This study evaluated the existing literature - survival rates of veneers based on preparation designs. The search strategy involved MEDLINE, BITTORRENT and other databases. Keywords used were veneers and survival rates. Articles selected were both clinical and non-clinical studies. Aspects of the prep were quantified and analyzed from the matter distilled from a review of these articles.

Statistical analysis

Data were tabulated. Because of variability in the follow-up period in different studies, the follow-up period was extrapolated to 10 years in common foe all the studies. Accordingly, the failure rate was then estimated and the weighted mean was computed [Table 1],[Table 2],[Table 3],[Table 4],[Table 5],[Table 6],[Figure 1].
Table 1: Percentage of failure rates of laminates with no preparation


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Table 2: Percentage of failure rates of laminates with window preparation


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Table 3: Percentage of failure rates of laminates with feather edge


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Table 4: Percentage of failure rates of laminates with incisal overlap chamfer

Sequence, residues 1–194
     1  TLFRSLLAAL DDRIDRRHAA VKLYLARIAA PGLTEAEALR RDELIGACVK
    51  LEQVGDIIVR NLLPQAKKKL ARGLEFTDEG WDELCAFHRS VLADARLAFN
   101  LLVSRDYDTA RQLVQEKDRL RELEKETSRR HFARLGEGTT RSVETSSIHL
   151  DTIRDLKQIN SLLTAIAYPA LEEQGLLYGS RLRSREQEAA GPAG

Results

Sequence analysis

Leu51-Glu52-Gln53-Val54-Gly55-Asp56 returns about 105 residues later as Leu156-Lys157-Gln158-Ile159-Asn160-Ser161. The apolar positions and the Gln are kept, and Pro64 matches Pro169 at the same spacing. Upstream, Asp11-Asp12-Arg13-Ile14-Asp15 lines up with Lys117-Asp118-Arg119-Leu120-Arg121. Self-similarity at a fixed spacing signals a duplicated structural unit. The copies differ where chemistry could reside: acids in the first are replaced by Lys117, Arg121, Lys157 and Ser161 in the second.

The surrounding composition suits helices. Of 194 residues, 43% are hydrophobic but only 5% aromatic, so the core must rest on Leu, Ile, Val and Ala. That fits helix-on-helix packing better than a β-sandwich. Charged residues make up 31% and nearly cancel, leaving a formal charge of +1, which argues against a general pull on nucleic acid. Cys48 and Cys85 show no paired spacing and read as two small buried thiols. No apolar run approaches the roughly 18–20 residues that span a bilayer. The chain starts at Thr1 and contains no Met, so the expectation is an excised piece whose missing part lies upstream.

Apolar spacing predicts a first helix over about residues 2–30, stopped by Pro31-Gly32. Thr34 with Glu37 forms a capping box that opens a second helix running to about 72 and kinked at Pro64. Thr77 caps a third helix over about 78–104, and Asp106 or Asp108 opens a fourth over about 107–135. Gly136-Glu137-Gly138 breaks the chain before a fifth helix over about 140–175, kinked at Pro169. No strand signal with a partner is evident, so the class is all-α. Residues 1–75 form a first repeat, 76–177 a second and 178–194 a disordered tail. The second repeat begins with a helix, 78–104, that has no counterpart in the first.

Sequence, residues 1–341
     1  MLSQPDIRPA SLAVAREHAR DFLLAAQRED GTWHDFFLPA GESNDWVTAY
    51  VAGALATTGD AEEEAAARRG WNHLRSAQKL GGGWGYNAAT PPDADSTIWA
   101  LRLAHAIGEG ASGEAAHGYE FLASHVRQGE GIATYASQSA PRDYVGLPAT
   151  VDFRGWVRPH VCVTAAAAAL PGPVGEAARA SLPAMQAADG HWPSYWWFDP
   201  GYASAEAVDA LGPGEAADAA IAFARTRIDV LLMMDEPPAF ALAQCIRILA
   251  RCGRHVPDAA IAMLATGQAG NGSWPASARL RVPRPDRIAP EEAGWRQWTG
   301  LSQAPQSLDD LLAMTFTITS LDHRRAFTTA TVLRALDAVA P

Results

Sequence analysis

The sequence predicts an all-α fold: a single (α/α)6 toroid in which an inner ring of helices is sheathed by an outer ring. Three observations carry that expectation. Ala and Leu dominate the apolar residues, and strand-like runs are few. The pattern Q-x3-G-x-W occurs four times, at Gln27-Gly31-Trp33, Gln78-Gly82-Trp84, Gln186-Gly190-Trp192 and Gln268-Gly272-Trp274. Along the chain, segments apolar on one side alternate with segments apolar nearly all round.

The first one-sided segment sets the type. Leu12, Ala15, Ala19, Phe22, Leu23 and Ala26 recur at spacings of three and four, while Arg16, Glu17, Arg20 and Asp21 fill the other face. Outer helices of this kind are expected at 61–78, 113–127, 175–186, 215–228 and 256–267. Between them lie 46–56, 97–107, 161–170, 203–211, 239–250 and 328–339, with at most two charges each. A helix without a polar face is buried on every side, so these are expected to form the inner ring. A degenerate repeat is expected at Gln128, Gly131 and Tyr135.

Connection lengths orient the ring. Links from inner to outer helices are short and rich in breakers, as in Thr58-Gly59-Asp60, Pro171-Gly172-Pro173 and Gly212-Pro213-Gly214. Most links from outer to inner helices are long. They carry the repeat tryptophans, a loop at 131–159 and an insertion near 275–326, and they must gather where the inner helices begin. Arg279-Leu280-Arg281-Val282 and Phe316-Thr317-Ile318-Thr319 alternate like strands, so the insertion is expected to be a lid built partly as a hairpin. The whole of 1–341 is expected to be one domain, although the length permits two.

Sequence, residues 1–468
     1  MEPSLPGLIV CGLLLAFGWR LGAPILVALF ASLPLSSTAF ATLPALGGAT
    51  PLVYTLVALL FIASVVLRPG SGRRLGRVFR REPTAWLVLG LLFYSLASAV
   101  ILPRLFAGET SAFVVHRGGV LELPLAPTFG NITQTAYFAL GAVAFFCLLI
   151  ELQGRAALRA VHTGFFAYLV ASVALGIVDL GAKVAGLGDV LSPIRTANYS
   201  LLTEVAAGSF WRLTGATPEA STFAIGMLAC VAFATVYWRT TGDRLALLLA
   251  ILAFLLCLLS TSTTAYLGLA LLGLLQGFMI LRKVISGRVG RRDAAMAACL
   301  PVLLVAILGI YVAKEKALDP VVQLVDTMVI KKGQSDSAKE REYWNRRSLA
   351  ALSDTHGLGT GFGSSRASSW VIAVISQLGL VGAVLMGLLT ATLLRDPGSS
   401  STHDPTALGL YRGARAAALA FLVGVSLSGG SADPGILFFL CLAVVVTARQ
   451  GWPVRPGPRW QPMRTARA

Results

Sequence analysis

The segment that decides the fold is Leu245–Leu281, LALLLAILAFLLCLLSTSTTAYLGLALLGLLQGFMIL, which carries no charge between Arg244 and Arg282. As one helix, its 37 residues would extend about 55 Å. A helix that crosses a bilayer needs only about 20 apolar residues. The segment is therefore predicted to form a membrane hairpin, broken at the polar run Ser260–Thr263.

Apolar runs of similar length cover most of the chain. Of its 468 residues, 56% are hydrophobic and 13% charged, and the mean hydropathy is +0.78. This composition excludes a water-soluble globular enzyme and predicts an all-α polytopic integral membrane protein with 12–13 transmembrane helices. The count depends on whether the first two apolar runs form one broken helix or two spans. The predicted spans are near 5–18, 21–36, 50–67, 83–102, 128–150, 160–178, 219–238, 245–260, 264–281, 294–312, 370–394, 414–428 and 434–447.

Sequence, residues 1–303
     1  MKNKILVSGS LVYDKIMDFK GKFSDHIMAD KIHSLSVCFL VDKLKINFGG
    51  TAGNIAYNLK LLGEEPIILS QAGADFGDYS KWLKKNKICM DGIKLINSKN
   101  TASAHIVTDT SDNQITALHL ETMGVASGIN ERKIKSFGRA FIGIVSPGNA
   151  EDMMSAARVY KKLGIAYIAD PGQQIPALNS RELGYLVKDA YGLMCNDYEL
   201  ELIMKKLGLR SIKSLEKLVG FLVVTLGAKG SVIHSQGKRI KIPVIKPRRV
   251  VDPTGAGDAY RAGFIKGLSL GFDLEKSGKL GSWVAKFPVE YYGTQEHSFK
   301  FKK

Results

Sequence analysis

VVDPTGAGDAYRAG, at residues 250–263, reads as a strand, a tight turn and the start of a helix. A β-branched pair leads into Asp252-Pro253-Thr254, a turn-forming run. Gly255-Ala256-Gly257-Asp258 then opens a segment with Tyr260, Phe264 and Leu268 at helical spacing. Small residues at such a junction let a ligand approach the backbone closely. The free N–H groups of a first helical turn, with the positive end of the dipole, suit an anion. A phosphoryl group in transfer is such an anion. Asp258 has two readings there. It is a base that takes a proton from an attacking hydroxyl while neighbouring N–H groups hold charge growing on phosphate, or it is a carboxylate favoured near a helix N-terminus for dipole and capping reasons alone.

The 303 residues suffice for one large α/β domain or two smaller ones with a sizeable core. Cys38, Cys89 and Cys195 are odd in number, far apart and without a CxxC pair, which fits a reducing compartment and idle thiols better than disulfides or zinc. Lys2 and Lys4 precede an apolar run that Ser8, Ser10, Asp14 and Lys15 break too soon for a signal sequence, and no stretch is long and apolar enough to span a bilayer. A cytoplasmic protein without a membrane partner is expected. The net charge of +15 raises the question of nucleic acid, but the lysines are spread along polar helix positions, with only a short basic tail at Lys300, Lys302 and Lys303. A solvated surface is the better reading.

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Table 5: Percentage of failure rates of laminates with incisal bevel


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Table 6: Percentage of failure rates of laminates with analysis of data from non-clinical studies

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Figure 1: Survival rate and failure rate for incisal bevel prep­aration veneers. Common follow-up period of 10 years. The total number of veneers was 114

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   Discussion Top


The demand for treatment of unesthetic teeth is steadily growing. Accordingly, several treatment options have been proposed to restore the esthetic appearance of teeth, like full-coverage crowns and bonding with composites. While full-coverage crowns is highly invasive and may have an adverse effect on the pulp or periodontal tissue, bonding with composites on the other hand, even though less invasive, continues to remain susceptible to discoloration, wear and marginal fractures. [6] The search for a better alternative led to the development of porcelain laminate veneers. These ultrathin ceramic restorations were reported to provide a superior alternative to direct composite resin bonding for esthetic modification of teeth. [27] Porcelain laminate veneers are now an accepted treatment modality. These restorations offer a successful treatment that preserves tooth structure while providing excellent esthetic results and patient acceptance. [3],[6],[18],[21],[27],[35] The advantages of these restorations are numerous and result from the combined advantages of resins and porcelain.